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“Bite-Size Bits of Local, National, and Global History”
Brownsburg in Rockbridge County, Virginia — The American South (Mid-Atlantic)
 

Brownsburg

Target of Hunter's Raid

 
 
Brownsburg Marker image. Click for full size.
By Cosmos Mariner, September 27, 2021
1. Brownsburg Marker
Inscription.  
On May 26, 1864, Union Gen. David Hunter marched south from Cedar Creek near Winchester to drive out Confederate forces, lay waste to the Shenandoah Valley, and destroy the railroads at Lynchburg. His raid was part of Gen. Ulysses S. Grant's strategy to attack Confederates simultaneously throughout Virginia. After defeating Gen. William E. "Grumble" Jones at Piedmont on June 5, Hunter marched to Lexington, burned Virginia Military Institute, and headed to Lynchburg. There, on June 17-18, Gen. Jubal A. Early repulsed Hunter and pursued him to West Virginia. Early then turned north in July to threaten Washington.

When Union Gen. David Hunter's 18,000-man force left Staunton on June 10, 1864, Gen. George Crook's infantry division and Gen. William W. Averell's cavalry division advanced along the Brownsburg Turnpike. To delay their progress, Confederate Gen. John McCausland's cavalry brigade charged the Federals five times, each time forcing the cavalry to dismount and the infantry to deploy. Averell left the turnpike at Newport with most of his men and came down the Walker's Creek Valley in an unsuccessful attempt to
Marker detail: Gen. William W. Averell image. Click for full size.
Courtesy Library of Congress
2. Marker detail: Gen. William W. Averell
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get in McCausland's rear. Averell bivouacked at Bellevue, the home of the Rev. James Morrison, on Hays Creek, two miles west of Brownsburg. David S. Creigh, a prominent resident of Greenbrier County, West Virginia, accompanied the Federals as a prisoner, convicted and condemned for killing a Federal soldier plundering Creigh's house. Averell's men hanged him behind Bellevue.

Crook and the main Union force skirmished with McCausland at Brownsburg before bivouacking there for the night. Crook's officers included future presidents Rutherford B. Hayes and William B. McKinley. McCausland fell back to the Valley Turnpike and camped on the Andrew Cameron farm near Lexington. Crook and Averell continued along the Brownsburg Turnpike toward Lexington on June 11, 1864. There, on June 11-14, the raiders shelled and occupied the town, sacked Washington College, burned the home of Virginia Governor John Letcher, and destroyed much of the Virginia Military Institute. The Confederates later burned Chambersburg, Pennsylvania, in retaliation.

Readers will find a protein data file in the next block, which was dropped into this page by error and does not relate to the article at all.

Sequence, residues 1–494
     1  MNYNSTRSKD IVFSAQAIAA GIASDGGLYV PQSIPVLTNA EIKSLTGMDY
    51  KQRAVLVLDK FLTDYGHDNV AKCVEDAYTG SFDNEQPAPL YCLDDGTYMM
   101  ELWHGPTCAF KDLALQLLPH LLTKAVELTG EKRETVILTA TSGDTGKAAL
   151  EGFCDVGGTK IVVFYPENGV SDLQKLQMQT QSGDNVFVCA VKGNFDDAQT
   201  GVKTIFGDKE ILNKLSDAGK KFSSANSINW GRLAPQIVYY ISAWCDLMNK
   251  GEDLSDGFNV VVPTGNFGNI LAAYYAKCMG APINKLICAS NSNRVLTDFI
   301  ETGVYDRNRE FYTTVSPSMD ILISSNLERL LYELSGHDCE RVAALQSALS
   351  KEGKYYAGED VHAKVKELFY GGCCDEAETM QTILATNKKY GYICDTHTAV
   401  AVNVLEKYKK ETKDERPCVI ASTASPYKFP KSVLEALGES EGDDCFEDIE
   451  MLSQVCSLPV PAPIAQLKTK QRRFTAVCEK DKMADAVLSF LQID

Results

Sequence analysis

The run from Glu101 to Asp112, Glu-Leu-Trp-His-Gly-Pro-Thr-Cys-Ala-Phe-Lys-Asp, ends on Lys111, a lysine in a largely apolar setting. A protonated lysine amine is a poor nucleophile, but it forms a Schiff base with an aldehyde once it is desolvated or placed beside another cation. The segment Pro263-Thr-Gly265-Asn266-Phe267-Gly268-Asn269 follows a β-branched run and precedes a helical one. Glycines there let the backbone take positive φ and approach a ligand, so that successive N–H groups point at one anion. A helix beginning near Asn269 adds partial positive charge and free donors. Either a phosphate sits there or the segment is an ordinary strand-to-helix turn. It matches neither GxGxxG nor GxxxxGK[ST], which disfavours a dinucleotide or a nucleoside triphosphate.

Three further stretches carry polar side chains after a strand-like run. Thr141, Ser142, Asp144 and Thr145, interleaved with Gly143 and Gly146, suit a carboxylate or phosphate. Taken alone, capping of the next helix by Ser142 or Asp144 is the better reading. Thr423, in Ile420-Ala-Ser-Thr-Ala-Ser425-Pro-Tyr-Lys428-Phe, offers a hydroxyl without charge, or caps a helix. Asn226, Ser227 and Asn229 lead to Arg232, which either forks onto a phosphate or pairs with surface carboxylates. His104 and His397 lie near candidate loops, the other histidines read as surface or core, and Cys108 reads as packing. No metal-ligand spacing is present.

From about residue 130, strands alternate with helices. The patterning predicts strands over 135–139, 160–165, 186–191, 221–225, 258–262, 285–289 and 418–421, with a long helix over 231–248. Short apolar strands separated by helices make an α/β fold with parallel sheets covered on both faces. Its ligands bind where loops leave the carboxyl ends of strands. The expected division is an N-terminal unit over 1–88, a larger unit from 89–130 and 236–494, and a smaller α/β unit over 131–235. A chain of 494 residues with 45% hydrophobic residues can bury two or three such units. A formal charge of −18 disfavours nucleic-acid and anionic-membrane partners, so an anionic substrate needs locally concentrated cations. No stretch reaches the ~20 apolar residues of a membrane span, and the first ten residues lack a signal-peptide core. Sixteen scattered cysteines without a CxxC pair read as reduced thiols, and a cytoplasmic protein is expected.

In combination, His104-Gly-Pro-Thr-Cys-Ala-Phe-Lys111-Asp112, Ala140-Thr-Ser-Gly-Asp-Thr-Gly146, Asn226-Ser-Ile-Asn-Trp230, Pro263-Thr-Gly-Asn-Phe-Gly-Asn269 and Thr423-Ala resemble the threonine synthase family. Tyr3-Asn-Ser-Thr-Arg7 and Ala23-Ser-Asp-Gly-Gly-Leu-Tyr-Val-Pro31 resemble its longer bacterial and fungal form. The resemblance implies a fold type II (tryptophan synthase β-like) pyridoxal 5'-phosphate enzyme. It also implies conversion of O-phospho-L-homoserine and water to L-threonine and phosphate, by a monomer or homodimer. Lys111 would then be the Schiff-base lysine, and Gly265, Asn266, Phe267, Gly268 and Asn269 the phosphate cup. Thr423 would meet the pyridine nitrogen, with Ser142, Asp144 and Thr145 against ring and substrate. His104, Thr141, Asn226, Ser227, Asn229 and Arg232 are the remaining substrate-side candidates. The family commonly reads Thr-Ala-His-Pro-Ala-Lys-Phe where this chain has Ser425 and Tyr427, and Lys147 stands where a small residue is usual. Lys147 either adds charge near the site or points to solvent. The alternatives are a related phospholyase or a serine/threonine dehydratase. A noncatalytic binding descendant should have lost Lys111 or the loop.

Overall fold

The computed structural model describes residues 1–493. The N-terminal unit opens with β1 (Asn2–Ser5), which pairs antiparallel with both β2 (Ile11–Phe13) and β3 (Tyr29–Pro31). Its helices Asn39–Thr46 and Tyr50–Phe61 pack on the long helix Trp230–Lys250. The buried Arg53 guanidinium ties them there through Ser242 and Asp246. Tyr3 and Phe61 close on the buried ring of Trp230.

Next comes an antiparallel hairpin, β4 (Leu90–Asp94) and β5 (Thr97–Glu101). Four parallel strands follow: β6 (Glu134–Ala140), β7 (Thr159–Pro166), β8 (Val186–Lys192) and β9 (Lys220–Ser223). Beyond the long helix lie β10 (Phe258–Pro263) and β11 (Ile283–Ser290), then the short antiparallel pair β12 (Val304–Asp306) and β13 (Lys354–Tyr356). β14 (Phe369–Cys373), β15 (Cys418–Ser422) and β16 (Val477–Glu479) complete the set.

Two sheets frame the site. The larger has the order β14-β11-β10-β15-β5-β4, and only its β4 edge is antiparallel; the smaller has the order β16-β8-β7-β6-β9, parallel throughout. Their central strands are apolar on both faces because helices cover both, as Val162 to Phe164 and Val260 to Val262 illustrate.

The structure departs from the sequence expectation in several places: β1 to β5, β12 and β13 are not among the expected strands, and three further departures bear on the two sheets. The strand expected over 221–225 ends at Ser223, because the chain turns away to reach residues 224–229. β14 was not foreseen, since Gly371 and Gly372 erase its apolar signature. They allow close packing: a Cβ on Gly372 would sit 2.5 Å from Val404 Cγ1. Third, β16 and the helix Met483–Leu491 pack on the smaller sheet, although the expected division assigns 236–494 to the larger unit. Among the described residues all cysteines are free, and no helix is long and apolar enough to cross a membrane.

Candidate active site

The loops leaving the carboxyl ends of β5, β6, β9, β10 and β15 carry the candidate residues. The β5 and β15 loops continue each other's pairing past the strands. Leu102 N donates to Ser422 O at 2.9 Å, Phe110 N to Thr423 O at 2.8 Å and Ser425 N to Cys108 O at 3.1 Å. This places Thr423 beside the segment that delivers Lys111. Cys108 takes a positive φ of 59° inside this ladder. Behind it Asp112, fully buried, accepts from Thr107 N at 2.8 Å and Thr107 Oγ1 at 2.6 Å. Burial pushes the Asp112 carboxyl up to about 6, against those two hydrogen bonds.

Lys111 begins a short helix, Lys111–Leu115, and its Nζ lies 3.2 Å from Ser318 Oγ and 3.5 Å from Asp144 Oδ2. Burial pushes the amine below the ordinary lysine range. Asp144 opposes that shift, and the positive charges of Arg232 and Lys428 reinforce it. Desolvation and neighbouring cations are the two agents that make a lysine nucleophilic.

Erected by Virginia Civil War Trails.
 
Topics and series. This historical marker is listed in this topic list: War, US Civil. In addition, it is included in the Former U.S. Presidents: #19 Rutherford B. Hayes,
Marker detail: Gen. John C. McCausland image. Click for full size.
Courtesy Library of Congress
3. Marker detail: Gen. John C. McCausland
the Former U.S. Presidents: #25 William McKinley, and the Virginia Civil War Trails series lists. A significant historical date for this entry is June 10, 1864.
 
Location. 37° 55.712′ N, 79° 19.145′ W. Marker is in Brownsburg, Virginia, in Rockbridge County. Marker is at the intersection of Brownsburg Turnpike (Virginia Route 252) and Hays Creek Road (Virginia Route 724), on the left when traveling south on Brownsburg Turnpike. Marker is located beside the sidewalk on the north side of the Brownsburg Museum. Touch for map. Marker is at or near this postal address: 2716 Brownsburg Turnpike, Brownsburg VA 24415, United States of America. Touch for directions.
 
Other nearby markers. At least 8 other markers are within 6 miles of this marker, measured as the crow flies. A different marker also named Brownsburg (within shouting distance of this marker); Cherry Grove Estate (approx. 3.9 miles away); Red House and the McDowell Family (approx. 4.2 miles away); Dr. Ephraim McDowell (approx. 4.2 miles away); McDowell's Grave (approx. 4.2 miles away); Pierre Daura (approx. 5.2 miles away); Cyrus H. McCormick (approx. 5.8 miles away); Walnut Grove (approx. 5.8 miles away).
 
Also see . . .  Brownsburg Village History. After destroying Confederate warehouses in Staunton, Hunter began marching towards Lexington in several columns. Union General
Marker detail: Bellevue image. Click for full size.
Courtesy Rockbridge Historical Society Collection, Washington & Lee University
4. Marker detail: Bellevue
George Crook’s column traveled from Newport to Brownsburg on the Brownsburg Turnpike, and the June 9 entry in a local resident’s diary stated “The Yankees are encamped at Brownsburg.” The local Confederate force under General John McCausland skirmished with Crook’s forces, then fell back towards Lexington in an attempt to protect the city and the Virginia Military Institute. (Submitted on September 28, 2021, by Cosmos Mariner of Cape Canaveral, Florida.) 
 
Marker detail: Route of Hunter’s Raid image. Click for full size.
5. Marker detail: Route of Hunter’s Raid
Brownsburg Marker image. Click for full size.
By Cosmos Mariner, September 27, 2021
6. Brownsburg Marker
(looking south along Brownsburg Turnpike • Brownsburg Museum in background)
 
 
Credits. This page was last revised on September 28, 2021. It was originally submitted on September 27, 2021, by Cosmos Mariner of Cape Canaveral, Florida. This page has been viewed 70 times since then. Photos:   1. submitted on September 27, 2021, by Cosmos Mariner of Cape Canaveral, Florida.   2, 3, 4, 5, 6. submitted on September 28, 2021, by Cosmos Mariner of Cape Canaveral, Florida.

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Oct. 25, 2021